To remedy this situation, Pound suggests a greater emphasis on systematic reviews of animal trials. She believes that these reviews can provide vital insights into the validity of animal research, while adding that such reviews should always precede clinical trials anyway. Pound presents numerous cases where subsequent animal testing reviews revealed: "no evidence of a clinically important effect," in areas such as stroke medications, laser therapy, stress and coronary heart disease medications. The fact that there was often no clinical benefit apparent from the animal testing has important implications for Pound. "This suggests that the animal data were regarded as irrelevant, calling into question why the studies were done in the first place and seriously undermining the principle that animal experiments are necessary to inform clinical medicine."
Worryingly, it seems that reviews of animal testing are still few and far between. In July 2006, the UK's Nuffield Council on Bioethics responded to the findings made by the MHRA report, claiming that there are a "relatively limited number of useful reviews currently available." The council made the recommendation that: "further systematic reviews and meta-analyses to evaluate more fully the predictability and transferability of animal models," was needed.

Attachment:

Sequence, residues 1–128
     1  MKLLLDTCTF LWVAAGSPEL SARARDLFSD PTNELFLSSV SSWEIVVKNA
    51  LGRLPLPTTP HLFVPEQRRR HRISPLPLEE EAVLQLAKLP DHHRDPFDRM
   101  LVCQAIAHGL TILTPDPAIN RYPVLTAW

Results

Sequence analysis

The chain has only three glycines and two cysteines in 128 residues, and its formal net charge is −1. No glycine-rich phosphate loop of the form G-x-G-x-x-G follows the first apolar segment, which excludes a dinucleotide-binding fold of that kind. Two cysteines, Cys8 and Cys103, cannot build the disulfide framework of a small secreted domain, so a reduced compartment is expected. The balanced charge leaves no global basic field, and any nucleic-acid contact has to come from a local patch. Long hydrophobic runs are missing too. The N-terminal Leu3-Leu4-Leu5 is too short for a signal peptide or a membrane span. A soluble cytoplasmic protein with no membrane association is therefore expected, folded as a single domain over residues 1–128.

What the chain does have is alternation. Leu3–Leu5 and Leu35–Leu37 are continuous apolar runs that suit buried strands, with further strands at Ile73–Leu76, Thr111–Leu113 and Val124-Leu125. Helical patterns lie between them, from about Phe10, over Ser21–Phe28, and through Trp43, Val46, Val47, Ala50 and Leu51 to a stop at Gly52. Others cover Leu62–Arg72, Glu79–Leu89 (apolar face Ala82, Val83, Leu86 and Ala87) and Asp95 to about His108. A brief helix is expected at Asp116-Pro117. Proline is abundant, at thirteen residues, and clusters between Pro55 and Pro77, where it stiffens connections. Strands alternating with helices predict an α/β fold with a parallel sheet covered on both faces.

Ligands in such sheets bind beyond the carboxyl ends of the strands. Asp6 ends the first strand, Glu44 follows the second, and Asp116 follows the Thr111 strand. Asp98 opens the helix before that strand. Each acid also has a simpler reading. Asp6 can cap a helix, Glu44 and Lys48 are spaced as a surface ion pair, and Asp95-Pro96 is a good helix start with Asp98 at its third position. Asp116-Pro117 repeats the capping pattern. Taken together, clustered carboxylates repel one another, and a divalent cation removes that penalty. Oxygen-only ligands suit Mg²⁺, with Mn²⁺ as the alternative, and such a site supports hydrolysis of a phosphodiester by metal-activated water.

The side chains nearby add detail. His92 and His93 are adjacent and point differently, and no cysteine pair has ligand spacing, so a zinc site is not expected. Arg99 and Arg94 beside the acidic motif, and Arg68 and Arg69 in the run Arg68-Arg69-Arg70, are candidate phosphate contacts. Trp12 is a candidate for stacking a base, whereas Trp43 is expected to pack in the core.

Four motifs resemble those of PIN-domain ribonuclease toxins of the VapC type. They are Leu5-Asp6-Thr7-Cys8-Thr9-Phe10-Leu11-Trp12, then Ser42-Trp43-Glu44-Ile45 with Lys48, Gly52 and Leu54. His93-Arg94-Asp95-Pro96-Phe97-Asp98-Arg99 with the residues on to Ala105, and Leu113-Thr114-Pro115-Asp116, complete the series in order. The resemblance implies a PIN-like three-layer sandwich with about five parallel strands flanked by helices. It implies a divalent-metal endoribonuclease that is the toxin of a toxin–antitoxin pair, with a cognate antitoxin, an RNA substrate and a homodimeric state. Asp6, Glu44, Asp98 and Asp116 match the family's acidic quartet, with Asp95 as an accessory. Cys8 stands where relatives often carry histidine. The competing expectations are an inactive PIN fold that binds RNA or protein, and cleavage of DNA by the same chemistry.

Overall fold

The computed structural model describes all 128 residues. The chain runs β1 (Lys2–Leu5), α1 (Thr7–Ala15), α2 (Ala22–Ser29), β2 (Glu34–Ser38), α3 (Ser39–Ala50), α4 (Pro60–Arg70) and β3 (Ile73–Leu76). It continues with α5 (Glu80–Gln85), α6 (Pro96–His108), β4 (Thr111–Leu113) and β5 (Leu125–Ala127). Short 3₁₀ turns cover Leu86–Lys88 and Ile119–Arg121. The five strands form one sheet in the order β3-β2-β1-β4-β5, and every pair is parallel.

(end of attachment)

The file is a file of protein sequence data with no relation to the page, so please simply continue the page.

Evidence is the bread and butter of science, so it's quite confronting to discover that evidence supporting the necessity of animal testing - something that we take for granted - is so sparse and slap-dash. It's especially surprising considering that animal testing is so controversial at an ethical level. Whether an apathetic public will begin to take an interest in what would appear to be unnecessary animal testing remains to be seen, but perhaps that would at least increase the pressure for a more evidence-based approach to animal testing.